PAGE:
The Importance of Quality Marine Hose Clamps: A Buyer’s Checklist

Marine Hose Clamps


The onboard systems of any vessel depend on the unfailing performance of simple, thin-metal hose clamps. While they seem a mundane bit of inexpensive hardware, mistakes in their selection and application can be expensive. Look for a marine-grade hose clamp that’s 316 stainless steel, both screw and bolt housing. Steer clear of the less expensive 304 stainless steel, which is more prone to corrosion and lacks molybdenum.

Corrosion Resistant

Many water and corrosive chemicals pass through marine hose clamps, so the steel quality is essential. It should be at least 316 stainless steel, the standard marine grade. It has a higher percentage of molybdenum, chromium, and nickel than the less expensive 304 stainless. The band, screw, and bolt housing should all be stainless. Check them for this by running a magnet over the clamp. A cheap stainless steel-plated clamp with a galvanized band and plated bolt will rust and fail in a marine environment.

In addition, a slotted-type clamp with a sharp metal tail may cut or scrape skin. It’s dangerous in a bilge, head, or sanitation plumbing area where a person could get an infection or tetanus (all full-service yard workers and crew should have up-to-date tetanus shots). An excellent, rounded, solid band with a smooth edge is better.

Pressure Rating

Hose clamps are often overlooked but are essential components on any vessel. Insurance claims files show that many accidents have been caused by leaking or detached hoses, including exhaust leaks and fuel spills. A high-quality stainless steel marine hose clamp should be rated to support the intended pressure load. A good rule of thumb is to choose a hose clamp that is two times the maximum rating of the adapter or hose connection to which it is attached.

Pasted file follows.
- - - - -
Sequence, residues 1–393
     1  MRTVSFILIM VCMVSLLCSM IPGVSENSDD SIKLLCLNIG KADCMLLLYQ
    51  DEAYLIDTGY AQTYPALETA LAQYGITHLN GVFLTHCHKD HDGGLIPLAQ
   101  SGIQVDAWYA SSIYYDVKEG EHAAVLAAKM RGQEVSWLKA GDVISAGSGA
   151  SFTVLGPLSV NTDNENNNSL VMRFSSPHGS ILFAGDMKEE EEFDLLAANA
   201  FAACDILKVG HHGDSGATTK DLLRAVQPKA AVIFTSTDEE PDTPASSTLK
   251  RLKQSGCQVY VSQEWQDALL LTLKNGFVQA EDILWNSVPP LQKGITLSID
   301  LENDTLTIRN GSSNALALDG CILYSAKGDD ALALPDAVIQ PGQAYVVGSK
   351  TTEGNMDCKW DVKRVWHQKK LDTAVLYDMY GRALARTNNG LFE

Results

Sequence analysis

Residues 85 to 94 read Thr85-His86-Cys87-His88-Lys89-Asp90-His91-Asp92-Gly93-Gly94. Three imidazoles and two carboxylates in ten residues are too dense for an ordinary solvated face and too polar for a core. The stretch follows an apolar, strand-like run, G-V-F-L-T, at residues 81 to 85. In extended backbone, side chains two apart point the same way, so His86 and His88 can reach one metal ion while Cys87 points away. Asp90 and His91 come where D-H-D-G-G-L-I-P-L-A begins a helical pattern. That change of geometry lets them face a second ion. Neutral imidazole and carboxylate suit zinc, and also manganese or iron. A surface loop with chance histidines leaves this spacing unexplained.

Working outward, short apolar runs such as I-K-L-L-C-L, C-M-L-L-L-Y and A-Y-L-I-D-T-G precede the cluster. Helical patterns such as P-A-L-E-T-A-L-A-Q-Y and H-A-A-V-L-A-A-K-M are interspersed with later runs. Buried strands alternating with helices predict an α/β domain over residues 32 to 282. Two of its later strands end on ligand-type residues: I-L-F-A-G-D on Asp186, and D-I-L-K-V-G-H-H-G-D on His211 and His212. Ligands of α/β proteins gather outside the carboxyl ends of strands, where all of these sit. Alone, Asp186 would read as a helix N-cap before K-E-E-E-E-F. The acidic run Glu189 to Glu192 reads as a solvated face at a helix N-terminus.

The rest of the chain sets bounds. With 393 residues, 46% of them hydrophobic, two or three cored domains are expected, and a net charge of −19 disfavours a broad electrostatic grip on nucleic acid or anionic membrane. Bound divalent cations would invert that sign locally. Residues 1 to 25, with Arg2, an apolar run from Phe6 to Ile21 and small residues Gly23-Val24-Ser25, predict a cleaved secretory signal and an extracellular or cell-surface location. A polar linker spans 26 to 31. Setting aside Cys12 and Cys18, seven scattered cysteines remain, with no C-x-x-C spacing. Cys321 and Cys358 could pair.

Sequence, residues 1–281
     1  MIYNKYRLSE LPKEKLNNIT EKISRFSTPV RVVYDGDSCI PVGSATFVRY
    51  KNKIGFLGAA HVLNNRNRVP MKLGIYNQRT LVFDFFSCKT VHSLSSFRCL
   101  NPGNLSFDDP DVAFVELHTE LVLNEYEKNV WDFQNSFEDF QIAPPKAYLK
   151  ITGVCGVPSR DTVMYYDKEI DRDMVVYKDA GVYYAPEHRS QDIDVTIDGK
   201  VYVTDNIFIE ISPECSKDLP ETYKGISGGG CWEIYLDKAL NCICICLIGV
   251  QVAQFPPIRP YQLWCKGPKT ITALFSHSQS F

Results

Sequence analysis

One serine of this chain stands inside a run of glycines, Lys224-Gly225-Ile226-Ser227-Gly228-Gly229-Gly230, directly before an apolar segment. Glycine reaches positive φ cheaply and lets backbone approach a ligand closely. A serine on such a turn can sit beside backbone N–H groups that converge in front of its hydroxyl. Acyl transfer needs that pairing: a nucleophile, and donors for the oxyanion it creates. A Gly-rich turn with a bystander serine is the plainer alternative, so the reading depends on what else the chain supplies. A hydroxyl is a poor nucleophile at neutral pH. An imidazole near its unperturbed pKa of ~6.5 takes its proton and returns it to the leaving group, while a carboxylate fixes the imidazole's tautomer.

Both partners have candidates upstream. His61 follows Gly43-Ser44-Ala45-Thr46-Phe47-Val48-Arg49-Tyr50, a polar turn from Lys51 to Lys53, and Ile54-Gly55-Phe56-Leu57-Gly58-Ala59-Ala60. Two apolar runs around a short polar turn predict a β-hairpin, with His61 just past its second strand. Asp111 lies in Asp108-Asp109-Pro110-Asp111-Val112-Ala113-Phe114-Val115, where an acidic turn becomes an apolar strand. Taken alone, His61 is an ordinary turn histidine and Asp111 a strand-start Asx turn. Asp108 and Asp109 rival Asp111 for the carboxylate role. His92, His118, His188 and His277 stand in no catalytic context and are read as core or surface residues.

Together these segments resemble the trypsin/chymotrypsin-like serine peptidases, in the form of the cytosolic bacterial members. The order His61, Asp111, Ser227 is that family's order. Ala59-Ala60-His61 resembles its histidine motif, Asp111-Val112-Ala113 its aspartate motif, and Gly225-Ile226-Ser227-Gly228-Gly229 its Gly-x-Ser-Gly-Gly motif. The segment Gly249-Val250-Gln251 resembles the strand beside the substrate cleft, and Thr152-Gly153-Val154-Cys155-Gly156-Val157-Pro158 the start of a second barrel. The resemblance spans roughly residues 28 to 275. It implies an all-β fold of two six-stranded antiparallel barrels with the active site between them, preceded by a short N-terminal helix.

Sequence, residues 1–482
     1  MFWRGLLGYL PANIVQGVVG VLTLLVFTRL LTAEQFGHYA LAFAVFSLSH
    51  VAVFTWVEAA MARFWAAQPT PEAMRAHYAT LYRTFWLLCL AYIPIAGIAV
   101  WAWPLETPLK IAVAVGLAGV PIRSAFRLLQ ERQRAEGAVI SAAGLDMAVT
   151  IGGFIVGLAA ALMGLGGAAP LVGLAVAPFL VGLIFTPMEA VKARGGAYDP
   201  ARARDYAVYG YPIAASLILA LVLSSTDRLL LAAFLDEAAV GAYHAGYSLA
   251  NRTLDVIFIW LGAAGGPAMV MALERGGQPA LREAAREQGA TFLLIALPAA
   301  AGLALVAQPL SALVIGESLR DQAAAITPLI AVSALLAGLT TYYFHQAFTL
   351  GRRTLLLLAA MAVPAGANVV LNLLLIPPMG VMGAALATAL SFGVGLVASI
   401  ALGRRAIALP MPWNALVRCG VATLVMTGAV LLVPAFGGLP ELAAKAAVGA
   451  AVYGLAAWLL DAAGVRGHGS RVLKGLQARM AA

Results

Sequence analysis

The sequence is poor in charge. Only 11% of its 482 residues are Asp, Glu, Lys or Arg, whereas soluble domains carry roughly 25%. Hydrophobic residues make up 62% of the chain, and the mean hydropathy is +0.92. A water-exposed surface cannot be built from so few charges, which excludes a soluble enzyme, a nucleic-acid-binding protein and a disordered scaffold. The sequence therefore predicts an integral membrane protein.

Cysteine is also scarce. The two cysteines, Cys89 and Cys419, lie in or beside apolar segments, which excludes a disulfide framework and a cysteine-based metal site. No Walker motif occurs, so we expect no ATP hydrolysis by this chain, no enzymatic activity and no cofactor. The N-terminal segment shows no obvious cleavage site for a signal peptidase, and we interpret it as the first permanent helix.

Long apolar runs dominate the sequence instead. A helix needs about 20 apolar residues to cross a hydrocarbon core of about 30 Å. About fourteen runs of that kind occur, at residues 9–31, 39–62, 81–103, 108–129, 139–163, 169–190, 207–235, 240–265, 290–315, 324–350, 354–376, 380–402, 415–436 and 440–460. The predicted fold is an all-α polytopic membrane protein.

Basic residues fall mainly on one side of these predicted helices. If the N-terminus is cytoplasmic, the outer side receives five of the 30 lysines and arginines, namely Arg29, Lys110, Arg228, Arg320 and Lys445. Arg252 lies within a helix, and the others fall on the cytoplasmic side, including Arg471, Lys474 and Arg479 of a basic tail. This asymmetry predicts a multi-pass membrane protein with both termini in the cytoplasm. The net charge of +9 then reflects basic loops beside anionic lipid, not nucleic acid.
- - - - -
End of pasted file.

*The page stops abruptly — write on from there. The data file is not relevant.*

Temperature Range

One of the most important factors is whether your hose clamps will be subjected to extreme temperatures and environmental conditions. These conditions ultimately dictate the type of clamp you should use. For example, if you’re using them with marine fuel or exhaust, you’ll need clamps that can withstand high-temperature conditions. Clamps that won’t withstand those extremes could lose their grip, and they may leak. Another essential factor to consider is whether the clamps will withstand elongation or microcracking, which can happen over time when subjected to constant stress. One way to test for this is by using a magnet; higher-quality stainless steel clamps, screws, and gear housings will not stick to the magnet.

Stainless Steel

Hose clamps are often overlooked and under-appreciated but perform crucial functions onboard boats. They keep seawater out and secure hoses so fuel, waste, and exhaust can be safely moved around the vessel. The type of stainless steel used to make a hose clamp impacts its performance and durability. Stainless steels are available in different grades, each with qualities and requirements for a specific application. For example, some types of stainless steel are better able to resist corrosion than others. For marine applications, the best choice is 316-grade stainless, which containmolybdenum for even more corrosion resistance. It also has superior welding characteristics and flexibility.


In the marine environment, durability is paramount. Standard automotive perforated hose clamps with a galvanized band and plated mild-steel screw will corrode quickly and should not be used in marine applications. A too-sharp field-trimmed tail on a clamp presents an injury hazard and can catch clothing and gear. Similarly, an improperly sized clamp can run out of adjustment before imparting the proper pressure on a hose installation. While hose clamps may seem small and unimportant, they perform crucial functions that many boaters depend on for safety and functionality. By providing a leak-free connection, they optimize system performance and extend the life of hoses and fittings. When choosing a hose clamp, consider the material, pressure rating, and temperature range. Also, look for a low profile to fit tight spaces and easy access for adjustments and removal.

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